As we find no error in the decision of the District Court judge sustaining the decision of the board it is unnecessary to consider Barre's appeal.
The statute (Section 25 [b], as appearing in St. 1941, c. 685, Section 1, as amended by St. 1953, c. 464), denies benefits to an employee for "Any week with respect to which the director finds that his unemployment is due to a stoppage of work which exists because of a labor dispute at the factory . . ." with certain exemptions provided in subsections (1), (2), and (4), which are not in issue here. Section 42 provides that "In any proceeding under this section the findings of the board of review as to the facts, if supported by any evidence, shall be conclusive, and the court shall render a decision or decree in accordance with such findings."
The board of review found that "The claimants' unemployment . . . was due to a labor dispute work stoppage and . . . they do not meet the requirements of subsections (1) and (2) . . . under which they would be exempt from the disqualification." The board also found that the union contract for Barre's union shop employees was to expire March 15, 1954, if either side gave sixty days or more termination notice; that Barre gave such notice; that negotiations in respect of Barre's request for a fifteen cents across-the-board wage cut began in December, 1953; that the existing contract was on three occasions extended to the respective dates April 1, April 12, and April 20, 1954; that prior to April 20 the union posted notice that "all work . . . will stop as of 12:01 A.M. April 21, 1954"; that on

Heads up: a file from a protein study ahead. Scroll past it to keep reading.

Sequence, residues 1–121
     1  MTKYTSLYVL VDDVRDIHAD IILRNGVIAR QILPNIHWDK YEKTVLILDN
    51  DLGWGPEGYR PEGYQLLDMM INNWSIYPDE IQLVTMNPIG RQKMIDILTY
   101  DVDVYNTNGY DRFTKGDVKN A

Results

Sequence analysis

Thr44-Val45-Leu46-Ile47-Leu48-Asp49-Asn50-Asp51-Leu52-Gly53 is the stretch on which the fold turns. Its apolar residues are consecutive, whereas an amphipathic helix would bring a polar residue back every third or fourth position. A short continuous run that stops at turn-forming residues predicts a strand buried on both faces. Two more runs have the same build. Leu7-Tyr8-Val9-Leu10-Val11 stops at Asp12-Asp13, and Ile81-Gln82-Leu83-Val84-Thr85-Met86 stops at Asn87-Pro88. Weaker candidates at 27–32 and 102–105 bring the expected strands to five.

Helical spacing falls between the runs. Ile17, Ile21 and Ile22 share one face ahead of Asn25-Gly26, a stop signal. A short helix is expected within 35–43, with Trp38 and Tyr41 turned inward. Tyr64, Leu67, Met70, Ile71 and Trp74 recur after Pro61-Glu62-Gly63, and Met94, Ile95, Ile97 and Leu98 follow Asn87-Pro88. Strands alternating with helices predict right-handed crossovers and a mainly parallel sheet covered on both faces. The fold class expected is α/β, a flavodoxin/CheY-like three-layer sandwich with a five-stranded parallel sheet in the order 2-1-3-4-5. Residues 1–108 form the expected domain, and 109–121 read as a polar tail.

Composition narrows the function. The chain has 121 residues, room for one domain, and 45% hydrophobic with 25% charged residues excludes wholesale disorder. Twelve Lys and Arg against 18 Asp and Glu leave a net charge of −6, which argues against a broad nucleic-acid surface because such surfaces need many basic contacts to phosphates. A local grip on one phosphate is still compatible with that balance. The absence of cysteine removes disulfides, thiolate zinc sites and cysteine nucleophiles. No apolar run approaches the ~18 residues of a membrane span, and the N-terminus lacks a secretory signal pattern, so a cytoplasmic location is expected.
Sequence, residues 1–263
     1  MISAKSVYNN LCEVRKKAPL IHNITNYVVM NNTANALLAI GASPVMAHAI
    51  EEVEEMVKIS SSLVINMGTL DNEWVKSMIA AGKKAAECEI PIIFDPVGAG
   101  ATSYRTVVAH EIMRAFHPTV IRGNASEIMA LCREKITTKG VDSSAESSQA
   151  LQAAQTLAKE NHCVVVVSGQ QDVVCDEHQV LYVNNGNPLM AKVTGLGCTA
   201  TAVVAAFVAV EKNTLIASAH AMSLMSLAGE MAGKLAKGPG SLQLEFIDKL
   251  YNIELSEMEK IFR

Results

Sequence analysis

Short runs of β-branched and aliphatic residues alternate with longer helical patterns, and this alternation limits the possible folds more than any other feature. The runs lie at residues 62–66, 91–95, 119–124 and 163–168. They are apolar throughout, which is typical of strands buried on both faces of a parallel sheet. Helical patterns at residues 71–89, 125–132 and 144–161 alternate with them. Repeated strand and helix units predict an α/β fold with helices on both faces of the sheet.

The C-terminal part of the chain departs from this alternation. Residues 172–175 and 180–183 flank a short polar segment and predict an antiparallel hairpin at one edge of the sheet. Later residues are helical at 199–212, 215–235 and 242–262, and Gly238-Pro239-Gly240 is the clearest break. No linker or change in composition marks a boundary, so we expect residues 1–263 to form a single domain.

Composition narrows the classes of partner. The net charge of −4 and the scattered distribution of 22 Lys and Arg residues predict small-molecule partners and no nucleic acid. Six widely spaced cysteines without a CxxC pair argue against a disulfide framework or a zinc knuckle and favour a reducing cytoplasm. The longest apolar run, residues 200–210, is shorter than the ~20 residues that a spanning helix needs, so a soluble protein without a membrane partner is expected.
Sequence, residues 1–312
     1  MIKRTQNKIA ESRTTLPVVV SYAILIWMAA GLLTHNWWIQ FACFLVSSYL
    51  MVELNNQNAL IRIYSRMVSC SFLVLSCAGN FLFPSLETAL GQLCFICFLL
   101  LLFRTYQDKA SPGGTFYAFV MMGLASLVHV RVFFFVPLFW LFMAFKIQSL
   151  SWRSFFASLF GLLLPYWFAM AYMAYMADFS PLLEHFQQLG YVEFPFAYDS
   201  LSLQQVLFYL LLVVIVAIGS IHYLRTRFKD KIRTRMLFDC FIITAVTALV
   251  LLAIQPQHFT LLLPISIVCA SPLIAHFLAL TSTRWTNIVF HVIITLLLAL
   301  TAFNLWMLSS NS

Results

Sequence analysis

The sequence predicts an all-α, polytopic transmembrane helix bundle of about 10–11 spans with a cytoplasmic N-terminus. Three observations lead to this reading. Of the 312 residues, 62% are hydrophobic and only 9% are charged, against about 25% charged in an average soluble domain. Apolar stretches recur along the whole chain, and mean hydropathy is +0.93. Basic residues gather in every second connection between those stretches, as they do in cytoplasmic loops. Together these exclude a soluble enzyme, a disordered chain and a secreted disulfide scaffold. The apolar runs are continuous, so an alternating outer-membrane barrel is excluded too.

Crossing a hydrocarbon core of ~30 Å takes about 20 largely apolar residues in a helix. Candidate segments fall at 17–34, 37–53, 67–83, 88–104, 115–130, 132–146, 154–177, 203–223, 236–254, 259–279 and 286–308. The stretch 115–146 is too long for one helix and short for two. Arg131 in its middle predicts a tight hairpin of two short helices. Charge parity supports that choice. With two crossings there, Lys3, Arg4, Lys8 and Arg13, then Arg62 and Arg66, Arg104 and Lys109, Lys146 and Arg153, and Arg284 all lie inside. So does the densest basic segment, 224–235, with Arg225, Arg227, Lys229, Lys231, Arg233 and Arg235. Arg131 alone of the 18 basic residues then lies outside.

April 20, about 8 P.M. the contract was again extended to May 17, 1954; and that on May 17 it was extended again to May 31, 1954, and on May 31, 1954, a strike was called which continued through June 14, 1954, when "after some modification in the 15 cent per hour cut an agreement was signed and the employees returned to work."